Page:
sddsploThe -layout=nx,ny option allows plotting several panels on a single sheet of paper (or in a single graphics window). The parameters nx and ny specify the number of horizontal and vertical panels in a grid. Unlike most other sddsplot options, the -layout option may only be given once and must be given before any plot requests. As an example of its use, consider the following command to plot two quantities in separate panels, one below the other
    sddsplot -layout=1,2 tSamp1.sdds \
    -col=Time,P1P1 -end -col=Time,P2P1
    The -end option is one way to tell sddsplot to end a panel. In this case, the initial panel is ended with the first plot request. The second plot request therefore starts on the second panel. As a variation on this, consider
    sddsplot -lay=2,2 -graph=line,vary tSamp1.sdds \
    -col=Time,P1P? -end -col=Time,P2P? -end \
    -col=Time,P3P? -end -col=Time,P3P?

  7. sddsplot -col=s,betax apsRings.twi \
    -graph=line,vary -split=page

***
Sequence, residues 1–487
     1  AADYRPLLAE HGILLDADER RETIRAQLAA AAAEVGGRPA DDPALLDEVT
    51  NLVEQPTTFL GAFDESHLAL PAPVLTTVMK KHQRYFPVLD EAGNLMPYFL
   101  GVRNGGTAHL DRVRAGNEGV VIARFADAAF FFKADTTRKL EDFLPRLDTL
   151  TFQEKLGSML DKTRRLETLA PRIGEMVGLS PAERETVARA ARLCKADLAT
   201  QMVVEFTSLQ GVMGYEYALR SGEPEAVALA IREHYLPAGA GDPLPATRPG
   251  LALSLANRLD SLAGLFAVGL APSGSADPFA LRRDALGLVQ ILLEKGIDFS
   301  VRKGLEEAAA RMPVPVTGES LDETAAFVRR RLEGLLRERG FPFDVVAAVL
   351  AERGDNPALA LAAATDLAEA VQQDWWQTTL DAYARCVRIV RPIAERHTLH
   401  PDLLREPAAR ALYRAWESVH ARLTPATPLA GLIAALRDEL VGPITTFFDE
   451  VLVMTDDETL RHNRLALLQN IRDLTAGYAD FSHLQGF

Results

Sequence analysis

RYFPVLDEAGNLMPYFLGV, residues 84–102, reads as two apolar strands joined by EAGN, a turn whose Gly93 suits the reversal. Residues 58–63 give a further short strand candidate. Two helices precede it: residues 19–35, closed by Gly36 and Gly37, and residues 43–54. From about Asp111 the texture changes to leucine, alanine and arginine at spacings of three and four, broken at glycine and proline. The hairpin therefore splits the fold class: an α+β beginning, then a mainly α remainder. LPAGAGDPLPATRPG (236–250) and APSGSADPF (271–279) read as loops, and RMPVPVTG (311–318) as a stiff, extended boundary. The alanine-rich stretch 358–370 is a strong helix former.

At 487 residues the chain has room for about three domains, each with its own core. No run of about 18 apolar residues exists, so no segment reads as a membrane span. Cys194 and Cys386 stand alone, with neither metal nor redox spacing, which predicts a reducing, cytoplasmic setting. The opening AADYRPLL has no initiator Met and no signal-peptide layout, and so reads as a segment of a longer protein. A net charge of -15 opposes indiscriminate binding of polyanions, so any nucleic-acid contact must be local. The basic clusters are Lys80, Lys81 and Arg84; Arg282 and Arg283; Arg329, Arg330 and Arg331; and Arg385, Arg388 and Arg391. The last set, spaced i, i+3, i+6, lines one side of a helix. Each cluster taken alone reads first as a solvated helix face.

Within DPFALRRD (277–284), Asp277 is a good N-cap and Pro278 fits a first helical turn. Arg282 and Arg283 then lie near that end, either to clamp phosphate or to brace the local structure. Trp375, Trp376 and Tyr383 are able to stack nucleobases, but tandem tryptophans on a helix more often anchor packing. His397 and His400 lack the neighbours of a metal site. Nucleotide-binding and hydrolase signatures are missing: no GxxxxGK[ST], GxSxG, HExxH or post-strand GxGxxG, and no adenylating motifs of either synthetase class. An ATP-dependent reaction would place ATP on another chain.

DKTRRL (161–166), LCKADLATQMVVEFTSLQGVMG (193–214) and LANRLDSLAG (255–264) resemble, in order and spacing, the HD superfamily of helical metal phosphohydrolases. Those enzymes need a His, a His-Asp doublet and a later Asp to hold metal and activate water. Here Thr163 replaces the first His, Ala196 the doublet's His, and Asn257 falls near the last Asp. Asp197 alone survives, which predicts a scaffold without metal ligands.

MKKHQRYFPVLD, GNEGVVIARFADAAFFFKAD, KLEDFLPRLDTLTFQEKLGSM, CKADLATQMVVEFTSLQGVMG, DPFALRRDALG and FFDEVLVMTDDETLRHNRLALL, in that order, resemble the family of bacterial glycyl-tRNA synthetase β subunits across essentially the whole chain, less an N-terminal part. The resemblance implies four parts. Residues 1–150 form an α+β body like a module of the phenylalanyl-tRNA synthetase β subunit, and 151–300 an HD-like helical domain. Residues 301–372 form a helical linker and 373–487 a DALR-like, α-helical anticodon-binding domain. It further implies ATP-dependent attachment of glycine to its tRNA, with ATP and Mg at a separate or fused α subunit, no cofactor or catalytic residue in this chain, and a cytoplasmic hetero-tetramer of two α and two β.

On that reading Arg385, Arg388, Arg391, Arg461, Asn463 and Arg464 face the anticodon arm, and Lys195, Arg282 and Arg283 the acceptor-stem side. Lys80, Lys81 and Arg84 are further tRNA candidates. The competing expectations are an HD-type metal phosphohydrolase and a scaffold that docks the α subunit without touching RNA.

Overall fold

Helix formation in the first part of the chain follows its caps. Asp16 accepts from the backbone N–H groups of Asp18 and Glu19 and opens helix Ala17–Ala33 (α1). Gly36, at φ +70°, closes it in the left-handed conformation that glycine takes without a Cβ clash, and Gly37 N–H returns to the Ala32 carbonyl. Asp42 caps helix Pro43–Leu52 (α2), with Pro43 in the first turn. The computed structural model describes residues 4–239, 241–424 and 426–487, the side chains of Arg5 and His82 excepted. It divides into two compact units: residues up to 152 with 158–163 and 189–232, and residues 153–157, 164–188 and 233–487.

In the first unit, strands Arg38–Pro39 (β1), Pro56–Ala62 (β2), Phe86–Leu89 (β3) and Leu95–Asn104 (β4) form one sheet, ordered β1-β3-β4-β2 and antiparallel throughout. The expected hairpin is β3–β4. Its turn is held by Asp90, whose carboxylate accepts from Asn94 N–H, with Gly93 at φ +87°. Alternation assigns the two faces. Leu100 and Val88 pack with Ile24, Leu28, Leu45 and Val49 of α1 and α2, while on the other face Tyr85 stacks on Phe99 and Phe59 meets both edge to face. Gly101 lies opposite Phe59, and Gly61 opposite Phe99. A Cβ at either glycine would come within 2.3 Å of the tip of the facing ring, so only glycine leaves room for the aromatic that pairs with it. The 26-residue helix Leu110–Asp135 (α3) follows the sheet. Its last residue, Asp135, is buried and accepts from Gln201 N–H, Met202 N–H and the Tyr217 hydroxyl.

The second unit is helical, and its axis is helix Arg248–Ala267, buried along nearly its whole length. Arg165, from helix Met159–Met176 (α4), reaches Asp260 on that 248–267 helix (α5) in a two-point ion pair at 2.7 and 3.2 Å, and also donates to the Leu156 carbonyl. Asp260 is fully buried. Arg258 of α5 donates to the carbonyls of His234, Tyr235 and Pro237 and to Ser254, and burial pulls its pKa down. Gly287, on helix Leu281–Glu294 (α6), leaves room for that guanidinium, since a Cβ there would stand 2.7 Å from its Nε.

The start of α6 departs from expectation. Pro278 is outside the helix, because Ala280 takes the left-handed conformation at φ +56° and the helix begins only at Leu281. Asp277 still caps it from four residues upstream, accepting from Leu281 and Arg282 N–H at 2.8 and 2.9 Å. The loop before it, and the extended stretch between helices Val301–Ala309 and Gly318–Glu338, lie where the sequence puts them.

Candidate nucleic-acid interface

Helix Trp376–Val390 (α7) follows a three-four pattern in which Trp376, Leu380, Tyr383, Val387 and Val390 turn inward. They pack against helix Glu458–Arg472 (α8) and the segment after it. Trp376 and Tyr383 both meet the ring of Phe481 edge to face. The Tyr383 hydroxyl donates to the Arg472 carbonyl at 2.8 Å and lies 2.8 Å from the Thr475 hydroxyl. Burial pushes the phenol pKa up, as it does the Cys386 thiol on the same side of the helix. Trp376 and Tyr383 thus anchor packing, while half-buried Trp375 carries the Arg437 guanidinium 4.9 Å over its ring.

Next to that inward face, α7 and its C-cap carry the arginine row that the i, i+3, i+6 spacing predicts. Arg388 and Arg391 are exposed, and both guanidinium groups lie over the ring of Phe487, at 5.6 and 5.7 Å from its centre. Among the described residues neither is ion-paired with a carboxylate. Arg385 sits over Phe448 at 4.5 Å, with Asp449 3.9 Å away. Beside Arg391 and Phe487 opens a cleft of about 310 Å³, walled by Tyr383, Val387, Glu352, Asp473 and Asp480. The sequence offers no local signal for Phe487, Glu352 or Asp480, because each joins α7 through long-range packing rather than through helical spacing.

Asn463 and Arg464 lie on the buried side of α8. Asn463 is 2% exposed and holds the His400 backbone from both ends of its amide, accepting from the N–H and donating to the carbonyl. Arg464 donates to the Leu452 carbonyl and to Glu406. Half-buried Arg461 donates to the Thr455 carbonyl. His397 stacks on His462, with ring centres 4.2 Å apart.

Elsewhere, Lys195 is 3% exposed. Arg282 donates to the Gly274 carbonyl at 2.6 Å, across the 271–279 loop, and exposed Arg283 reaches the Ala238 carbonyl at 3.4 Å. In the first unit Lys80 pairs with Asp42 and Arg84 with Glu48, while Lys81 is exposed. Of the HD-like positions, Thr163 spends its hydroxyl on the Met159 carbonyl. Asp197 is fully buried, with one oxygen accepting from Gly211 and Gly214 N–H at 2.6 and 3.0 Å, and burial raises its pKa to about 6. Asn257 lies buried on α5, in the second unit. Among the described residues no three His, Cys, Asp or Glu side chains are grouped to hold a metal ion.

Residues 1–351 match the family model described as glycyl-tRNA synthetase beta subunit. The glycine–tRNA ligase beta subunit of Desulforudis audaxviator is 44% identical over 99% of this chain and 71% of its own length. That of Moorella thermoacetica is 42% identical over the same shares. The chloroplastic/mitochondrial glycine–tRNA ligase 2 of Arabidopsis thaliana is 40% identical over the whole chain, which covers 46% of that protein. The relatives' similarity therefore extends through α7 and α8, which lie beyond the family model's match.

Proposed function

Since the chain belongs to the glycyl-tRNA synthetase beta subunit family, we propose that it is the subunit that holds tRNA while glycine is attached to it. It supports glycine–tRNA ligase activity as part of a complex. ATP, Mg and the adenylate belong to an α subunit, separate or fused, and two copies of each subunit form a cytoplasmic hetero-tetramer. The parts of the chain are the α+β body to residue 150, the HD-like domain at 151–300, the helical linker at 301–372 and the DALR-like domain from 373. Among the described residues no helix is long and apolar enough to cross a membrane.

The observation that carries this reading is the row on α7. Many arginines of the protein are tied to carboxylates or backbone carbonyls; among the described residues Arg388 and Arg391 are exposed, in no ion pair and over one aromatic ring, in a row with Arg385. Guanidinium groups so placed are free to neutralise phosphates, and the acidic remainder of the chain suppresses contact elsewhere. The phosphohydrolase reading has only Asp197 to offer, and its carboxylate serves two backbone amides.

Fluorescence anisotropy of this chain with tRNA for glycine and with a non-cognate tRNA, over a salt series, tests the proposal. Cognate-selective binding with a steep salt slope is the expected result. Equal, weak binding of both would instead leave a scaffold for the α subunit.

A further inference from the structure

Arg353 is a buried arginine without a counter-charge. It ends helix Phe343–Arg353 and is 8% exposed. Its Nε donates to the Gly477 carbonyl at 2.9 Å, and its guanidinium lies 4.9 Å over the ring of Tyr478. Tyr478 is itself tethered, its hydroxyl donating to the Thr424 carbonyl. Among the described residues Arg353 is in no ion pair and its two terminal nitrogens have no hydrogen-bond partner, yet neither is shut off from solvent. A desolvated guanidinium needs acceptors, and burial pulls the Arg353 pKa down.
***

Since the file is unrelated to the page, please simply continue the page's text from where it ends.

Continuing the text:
One can clearly see that there are three rings now, but it still isn't very useful as the size of the rings is so different. Adding another option gives a useful result:
    sddsplot -col=s,betax apsRings.twi \
    -split=page -separate
    where I've removed the -graphic option as it isn't necessary when plotting one item per panel. In this command, the pages are split into individual data sets, which are plotted on separate panels.
    sddsplot -col=s,betax apsRings.twi \
    -graph=line,vary -split=page
    One c
    an clearly see that there are three rings now, but it still isn't very useful as the size of the rings is so different. Adding another option gives a useful result:
    sddsplot -col=s,betax apsRings.twi \
    -split=page -separate
    where I've removed the -graphic option as it isn't necessary when plotting one item per panel. In this command, the pages are split into individual data sets, which are plotted on separate panels.

  8. In several of the plots shown above of data from tSamp1.sdds, the time axis labels show large numbers that don't have any clear meaning. These are the UNIX time-stamp values, giving seconds since January 1, 1970. A more useful display can be obtained using the -ticks=xtime option, which instructs sddsplot to make time-style ticks for the x axis. For example, consider
    sddsplot -col=Time,P1P1 -ticks=xtime tSampl.sdds
    In this plot, the x axis label is replaced by a string giving the starting time of the plot, while the x tick labels show fine-scale time information, in this case minutes and seconds information. -ticks=xtime can be used for time scales from fractions of a second to decades.